Placido, Antonio (2015) The definition of a model framework for the planning and the management phases of the rail system in any kind of service condition. [Tesi di dottorato]


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Item Type: Tesi di dottorato
Lingua: English
Title: The definition of a model framework for the planning and the management phases of the rail system in any kind of service condition.
Date: 28 March 2015
Number of Pages: 264
Institution: Università degli Studi di Napoli Federico II
Department: Ingegneria Civile, Edile e Ambientale
Scuola di dottorato: Ingegneria civile
Dottorato: Ingegneria dei sistemi idraulici, di trasporto e territoriali
Ciclo di dottorato: 27
Coordinatore del Corso di dottorato:
Date: 28 March 2015
Number of Pages: 264
Uncontrolled Keywords: Microscopic rail simulation, travel demand assignment, rail service management, service quality, rail disruption management
Settori scientifico-disciplinari del MIUR: Area 08 - Ingegneria civile e Architettura > ICAR/05 - Trasporti
Date Deposited: 07 Apr 2015 08:34
Last Modified: 29 Sep 2015 08:18
DOI: 10.6092/UNINA/FEDOA/10168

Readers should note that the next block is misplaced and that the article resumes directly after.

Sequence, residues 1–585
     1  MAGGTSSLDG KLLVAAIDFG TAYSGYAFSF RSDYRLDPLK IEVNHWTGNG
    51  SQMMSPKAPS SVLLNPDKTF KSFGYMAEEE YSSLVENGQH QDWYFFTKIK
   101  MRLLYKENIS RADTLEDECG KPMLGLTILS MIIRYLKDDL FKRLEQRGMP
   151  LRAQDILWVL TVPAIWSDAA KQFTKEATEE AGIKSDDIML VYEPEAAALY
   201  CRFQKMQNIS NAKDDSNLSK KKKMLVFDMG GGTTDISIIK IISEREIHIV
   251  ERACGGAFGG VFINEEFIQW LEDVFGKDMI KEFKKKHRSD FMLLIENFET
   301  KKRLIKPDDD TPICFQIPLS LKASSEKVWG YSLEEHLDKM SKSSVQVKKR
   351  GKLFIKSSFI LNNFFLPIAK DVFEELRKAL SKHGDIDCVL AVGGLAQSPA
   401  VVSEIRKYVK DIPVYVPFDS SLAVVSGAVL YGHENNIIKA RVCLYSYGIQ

The target of this thesis is the definition of an off-line procedure for managing the rail network in any kind of service conditions focusing on failure events. In particular, the methodology is based on a microscopic simulation approach which considers both rail operations and passenger flows. Basically, the idea is to simulate the network with the higher level of details without neglecting travel demand which is indeed assigned to the service. The benefits provided by this approach are numerous, namely: 1. it is possible to look for intervention strategies, which optimise passenger satisfaction and do not focus just on operational aspects; 2. by simulating passenger behaviour on the platforms, the procedure enables the assessment of the dynamic interaction between service and user flows. In other words, the model estimates the dwell time at stations as flow dependent providing important information about the influence of passengers on the service; 3. another advantage is the possibility to evaluate crowding levels within the trains or at stations resulting in a more suitable planning of the service as well as a better estimation of the comfort experienced by travellers. 4. the dynamic assignment, although increases the complexity of the model, is extremely useful. In fact, in this way demand peaks, temporary capacity variations, temporary over-saturation of supply elements, and formation and dispersion of queues can be considered; 5. the adoption of proper sensitivity analyses provides the assessment of robustness and effectiveness of planned recovery solutions not only in terms of operational service but also considering customer satisfaction. The research work can be mainly divided in two phases. The first one concerns the specification of the decision support system and all models which are part of it. The second by contrast, is related to the definition of an application for the dynamic assignment of passenger flow to the rail service and the definition of dwell times depending on the number of passengers at station. As regards the first phase, the whole procedure is formulated as a bi-level multidimensional optimisation model which is composed of four sub-models: a Failure Model, a Service Simulation Model, a Supply Model and a Travel Demand Model. In order to increase the service quality, the objective function is expressed through the user generalised cost (Cascetta, 2009) perceived by customers during their travel and, evidently, it has to be minimised. The Failure Model evaluates the failure scenarios which are worth analysing. In particular, through the adoption of RAMS (Reliability, Availability, Maintainability and Safety) techniques (Cenelec, 1999), it gives the possibility to select the breakdown contexts with the higher probability of occurrence. The Service Simulation Model analyses rail traffic and system performance during both ordinary and perturbed conditions by means of a microscopic simulation of the network. According to the target of the analysis, the simulation can be either deterministic or stochastic. The Supply Model is instead dedicated to the definition of performances of all public transportation systems within the study area. In fact, rail and metro lines, particularly within cities, are part of the public transportation system and cannot be considered individually. Hence, knowing the characteristics of the other transport modes can also provide a better estimation of the arrival rate at each station. The Travel Demand Model is the most innovative part of the whole procedure. It is divided into other two sub-models, namely a Pre-Platform Model and On-Platform Model. The first one estimates the number of passenger arriving at stations as a result of the interaction with the Supply Model. This causes a fixed point problem which has been largely dealt with in the literature (see Cantarella, 1997; Cascetta, 2009). Basically, the Pre-Platform Model reproduces the choice process made by passengers who evaluate among all possible alternatives (i.e. different transport modes) the one which maximises their utility. The On-Platform Model works on the dynamic assignment of passenger flows to the rail service. In particular, the model simulates passenger behaviour on the platform considering the maximum capacity of each train and estimating the dwell time necessary to complete the boarding/alighting process. In this way, travel demand is simulated dynamically according to rail service performances which, in turn, are influenced by passenger flows. As a consequence, this interaction generates another fixed point problem. Hence, the resolution of the whole procedure consists in solving a double fixed point problem which has required an in-depth analysis about the mathematical assumptions and the resolution techniques to solve it. However, all railway microscopic simulation software packages focus just on the simulation of train movements within the network and neglects travel demand. Therefore, the second phase of the thesis has concerned the definition of an application developed in C++ language for assigning travel demand to the rail service working in combination with microscopic simulation software. To this purpose the architecture of the OPM 1.0 (On-Platform Model) tool and its internal module DwTE 1.0 (Dwell Time Estimation) has been presented. Both require input data as text files related to infrastructure, rolling stock, travel demand and operational service. In particular, OPM 1.0 is composed of the following modules: - a 'Travel demand module' for the definition of passenger flow on the platform at each station; - a 'Rolling stock module' which describes the main features of rail convoys in terms of fleet composition, number and capacity of coaches, number of doors per coach and so on; - a 'Rail service module' which includes information about the simulated rail service such headways, running times, empty movement etc. Additionally, in case also DwTE 1.0 is launched further modules must be considered, that is: - a 'Passenger flow module' which considers the number of passengers who can actually board the train according to trains' capacity (this information is obtained by OPM 1.0); - a 'Station configuration module' specifying station characteristics (i.e. location of stairs and elevators); - a 'Dwell time estimation module' which defines the time trains has to stop within the station as function of the number of boarding/alighting passengers per door. As outputs, the application provides information about passenger trips, load diagrams, platform congestion and crowding levels within trains as well as dwell time values at stations. In order to validate the tools and verify the benefits of the proposed procedure, in the last part of this thesis several applications are presented. The majority of them has concerned the Line 1 of Naples (Italy) metro system. Results have shown the importance of considering service quality during the management of the rail service, especially when failures or breakdowns occur.